Survey on the Best Walks of SA

Survey on the Best Walks of South Australia

The Bushwalk Australia eMagazine October’s edition will focus on South Australia. They are seeking input on the best walks in South Australia.

Submit your favourite Heysen Trail walks! Browse through our Walk Selector for some inspiration.

Submit the survey below and enter your 6 favourite walks:

  • 3 x favourite day walks
  • 3 x favourite multi-day walks

For each walk:

  • name the walk/trail
  • short description of why you think it is good
  • a link to webpage somewhere with more info

If you are a day-walker only, or overnight-walker only, you could skip entering info on the other category.

Proposed Heysen Trail Realignment in Flinders Ranges Draft Management Plan – Have Your Say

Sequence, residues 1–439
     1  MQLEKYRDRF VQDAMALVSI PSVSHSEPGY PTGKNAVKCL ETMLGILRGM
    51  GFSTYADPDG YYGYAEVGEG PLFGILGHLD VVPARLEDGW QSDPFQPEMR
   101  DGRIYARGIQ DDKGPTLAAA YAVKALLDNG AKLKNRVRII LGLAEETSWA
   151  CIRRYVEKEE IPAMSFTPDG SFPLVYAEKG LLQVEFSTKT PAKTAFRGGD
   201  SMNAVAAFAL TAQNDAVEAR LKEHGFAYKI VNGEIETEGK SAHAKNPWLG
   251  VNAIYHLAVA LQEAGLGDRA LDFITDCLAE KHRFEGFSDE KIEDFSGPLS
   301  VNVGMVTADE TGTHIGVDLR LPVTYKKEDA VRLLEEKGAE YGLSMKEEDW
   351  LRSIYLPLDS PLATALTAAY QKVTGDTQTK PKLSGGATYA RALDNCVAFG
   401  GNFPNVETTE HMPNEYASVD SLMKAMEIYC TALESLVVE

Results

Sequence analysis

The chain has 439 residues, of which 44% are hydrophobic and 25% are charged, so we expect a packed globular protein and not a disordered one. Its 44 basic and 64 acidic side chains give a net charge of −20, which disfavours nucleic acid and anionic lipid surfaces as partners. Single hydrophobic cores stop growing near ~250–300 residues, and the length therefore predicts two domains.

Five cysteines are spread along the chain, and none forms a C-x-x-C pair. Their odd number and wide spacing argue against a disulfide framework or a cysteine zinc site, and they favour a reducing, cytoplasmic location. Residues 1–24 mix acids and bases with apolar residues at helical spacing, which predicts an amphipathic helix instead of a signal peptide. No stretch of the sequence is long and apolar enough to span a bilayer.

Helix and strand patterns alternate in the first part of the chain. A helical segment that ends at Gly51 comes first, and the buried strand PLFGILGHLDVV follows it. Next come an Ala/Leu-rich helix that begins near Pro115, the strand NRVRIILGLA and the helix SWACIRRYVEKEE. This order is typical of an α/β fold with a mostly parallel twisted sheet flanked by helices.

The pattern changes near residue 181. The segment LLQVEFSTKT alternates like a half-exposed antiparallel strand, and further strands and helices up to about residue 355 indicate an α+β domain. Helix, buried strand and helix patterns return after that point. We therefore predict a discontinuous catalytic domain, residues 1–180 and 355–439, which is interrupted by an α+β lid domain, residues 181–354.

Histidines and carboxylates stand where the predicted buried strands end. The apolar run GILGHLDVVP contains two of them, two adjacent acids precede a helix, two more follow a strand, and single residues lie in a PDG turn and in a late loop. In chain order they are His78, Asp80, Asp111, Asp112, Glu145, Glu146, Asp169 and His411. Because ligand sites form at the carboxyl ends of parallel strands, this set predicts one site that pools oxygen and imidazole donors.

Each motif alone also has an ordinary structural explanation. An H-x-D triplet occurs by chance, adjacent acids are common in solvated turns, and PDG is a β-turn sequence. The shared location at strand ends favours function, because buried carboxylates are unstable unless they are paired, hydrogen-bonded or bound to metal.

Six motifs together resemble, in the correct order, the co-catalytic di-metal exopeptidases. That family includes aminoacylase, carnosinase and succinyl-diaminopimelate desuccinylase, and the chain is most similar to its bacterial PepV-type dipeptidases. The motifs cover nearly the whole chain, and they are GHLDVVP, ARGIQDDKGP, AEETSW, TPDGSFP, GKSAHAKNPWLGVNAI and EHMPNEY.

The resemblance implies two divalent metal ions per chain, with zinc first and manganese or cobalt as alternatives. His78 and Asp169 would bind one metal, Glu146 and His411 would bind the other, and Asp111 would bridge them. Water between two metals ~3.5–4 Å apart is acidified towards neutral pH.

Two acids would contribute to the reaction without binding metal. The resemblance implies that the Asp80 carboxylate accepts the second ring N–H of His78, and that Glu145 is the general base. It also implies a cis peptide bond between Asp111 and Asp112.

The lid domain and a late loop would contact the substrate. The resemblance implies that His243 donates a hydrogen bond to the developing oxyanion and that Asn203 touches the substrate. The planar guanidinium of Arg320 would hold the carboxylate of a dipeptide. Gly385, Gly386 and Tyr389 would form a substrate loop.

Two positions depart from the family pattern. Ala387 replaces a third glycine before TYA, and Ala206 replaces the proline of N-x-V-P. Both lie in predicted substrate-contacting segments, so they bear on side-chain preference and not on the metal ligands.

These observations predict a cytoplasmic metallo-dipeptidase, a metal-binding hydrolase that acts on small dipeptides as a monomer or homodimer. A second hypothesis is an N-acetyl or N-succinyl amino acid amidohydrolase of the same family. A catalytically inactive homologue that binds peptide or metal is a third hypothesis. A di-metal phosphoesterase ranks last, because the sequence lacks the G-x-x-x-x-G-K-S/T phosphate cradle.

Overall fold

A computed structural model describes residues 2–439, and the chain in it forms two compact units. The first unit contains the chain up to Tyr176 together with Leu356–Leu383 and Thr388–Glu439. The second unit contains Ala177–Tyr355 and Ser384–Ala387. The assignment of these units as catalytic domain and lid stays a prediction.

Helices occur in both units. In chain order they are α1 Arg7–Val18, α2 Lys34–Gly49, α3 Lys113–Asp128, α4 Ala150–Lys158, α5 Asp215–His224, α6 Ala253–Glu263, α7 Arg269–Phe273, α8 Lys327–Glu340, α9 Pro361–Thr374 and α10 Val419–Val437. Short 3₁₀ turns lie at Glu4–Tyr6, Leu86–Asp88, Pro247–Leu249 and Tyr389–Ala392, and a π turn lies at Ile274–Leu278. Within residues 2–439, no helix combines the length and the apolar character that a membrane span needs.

Aroona-Valley-and-Heysen-RangeThe Flinders Ranges National Park Draft Management Plan has been released for public consultation. It sets out objectives and strategies for the ongoing protection and conservation of the natural and cultural values of the Park.

Our Concerns

We at the Friends of the Heysen Trail consider that the plan is well presented and a valuable addition to strategic planning for the region. We wholeheartedly agree with the investment in upgrading the hiking opportunities in the Park.

We would suggest the plan provide the vision of a diverse trail network of well managed trails covering the many diverse landforms, plus the natural and cultural features of the park. And as such we would have to disagree on the suggestion to re-align the Heysen Trail.

On page 18, “Developing a world class multi-day walk (with minimal impact hiker accommodation) based on a realignment of the Heysen Trail along the foothills of the Heysen Range between Bunyeroo Gorge and Aroona Campground.”

The most cited comment on hikers completing the Heysen Trail is that it provides such a variety of experiences. The countryside, vistas, flora and the fauna.